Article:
City Attorney Dennis Herrera on Tuesday amended a lawsuit against the San Francisco Unified School District, adding allegations that the district is violating the state constitution as well as state law by keeping students out of the classroom.
The lawsuit, filed last Wednesday, alleges that the district’s reopening plan is “woefully inadequate” and doesn’t meet state requirements to offer in-person learning when possible.
The amendments added this week now allege that the district is violating students’ rights under the California Constitution to attend public school, discriminating against students on the basis of wealth in violation of the state constitution’s equal protection clause, and violating a state law requiring districts to “offer in-person instruction to the greatest extent possible.” Senate Bill 98, signed into law last year, set conditions on distance learning that specified districts must offer in-person instruction “to the greatest extent possible.”
Herrera has said he also plans to seek a preliminary injunction this week that would compel the district to take action.
The amendments come after the school district and unions announced on Sunday that they had reached a tentative agreement on safety standards for a return to the classroom. However that deal specifies that teachers will not return until The City reaches the “red” COVID-19 risk tier, and even then only if vaccinations are available to all school employees. Further details regarding working and classroom instruction hours, class sizes and other logistics remain to be ironed out.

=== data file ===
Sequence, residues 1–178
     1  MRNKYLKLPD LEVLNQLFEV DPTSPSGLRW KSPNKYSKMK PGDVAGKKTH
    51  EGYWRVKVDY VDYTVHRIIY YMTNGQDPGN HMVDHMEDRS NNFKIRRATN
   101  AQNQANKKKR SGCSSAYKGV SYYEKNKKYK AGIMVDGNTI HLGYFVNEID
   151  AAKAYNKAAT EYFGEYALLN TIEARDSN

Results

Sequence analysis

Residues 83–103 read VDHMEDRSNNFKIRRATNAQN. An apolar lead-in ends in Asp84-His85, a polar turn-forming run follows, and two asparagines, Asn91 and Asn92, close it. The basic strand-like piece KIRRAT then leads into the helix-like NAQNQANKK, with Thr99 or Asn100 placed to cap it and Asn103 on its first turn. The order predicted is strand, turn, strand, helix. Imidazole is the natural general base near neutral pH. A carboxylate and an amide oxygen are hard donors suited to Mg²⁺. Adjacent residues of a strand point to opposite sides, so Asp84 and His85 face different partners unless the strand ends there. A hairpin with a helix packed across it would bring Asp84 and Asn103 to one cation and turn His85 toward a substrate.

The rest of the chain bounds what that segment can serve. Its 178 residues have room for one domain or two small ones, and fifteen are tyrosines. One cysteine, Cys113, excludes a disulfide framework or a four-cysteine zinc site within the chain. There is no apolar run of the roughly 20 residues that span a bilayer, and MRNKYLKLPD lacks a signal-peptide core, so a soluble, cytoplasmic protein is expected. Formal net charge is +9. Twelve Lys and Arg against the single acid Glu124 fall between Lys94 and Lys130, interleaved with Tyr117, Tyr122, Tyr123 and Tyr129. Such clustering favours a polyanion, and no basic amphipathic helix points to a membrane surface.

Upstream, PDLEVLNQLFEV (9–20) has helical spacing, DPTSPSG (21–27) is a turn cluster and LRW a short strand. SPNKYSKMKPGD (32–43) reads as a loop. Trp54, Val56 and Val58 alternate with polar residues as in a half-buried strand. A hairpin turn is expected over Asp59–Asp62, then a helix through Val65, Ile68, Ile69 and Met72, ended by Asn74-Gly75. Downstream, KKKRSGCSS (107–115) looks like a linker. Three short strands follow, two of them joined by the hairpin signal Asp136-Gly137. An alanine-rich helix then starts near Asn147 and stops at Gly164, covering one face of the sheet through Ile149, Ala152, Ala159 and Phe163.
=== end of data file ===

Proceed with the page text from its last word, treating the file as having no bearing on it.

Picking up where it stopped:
“We’re pleased the school district and its unions finally seem to be making some progress on reopening, but it’s not nearly enough,” Herrera said in a statement. “There are more questions than answers at this point.”
District officials have said they have a plan to reopen, but require assistance with vaccinations and testing. However the plans they have presented focus largely on younger students and those with disabilities or economic disadvantages. District officials have said they do not have space for more than 15,000 students to return to class, given social distancing requirements, and recently acknowledged that it is unlikely middle and high school students will return to the classroom this school year at all.
The school district has been under growing political pressure and scrutiny as its students approach nearly a year of distance learning. Parent groups and political leaders including Mayor London Breed, meanwhile, have been critical of the school board’s efforts to advance other policy changes, including renaming schools and reworking the admissions process at Lowell High School, at a time when many feel reopening should be its top priority.
Herrera noted that achievement gaps and disparities for some students are widening, and many families report mental health and educational impacts due to distance learning.
“I took this step only as a last resort,” Herrera said. “The reality is 54,000 public school children are suffering across our City. Just sticking with the status quo and hoping the district came up with an effective plan wasn’t working. Hopefully the prospect of court scrutiny will focus the district’s attention like nothing else could have. Let’s get this fixed.”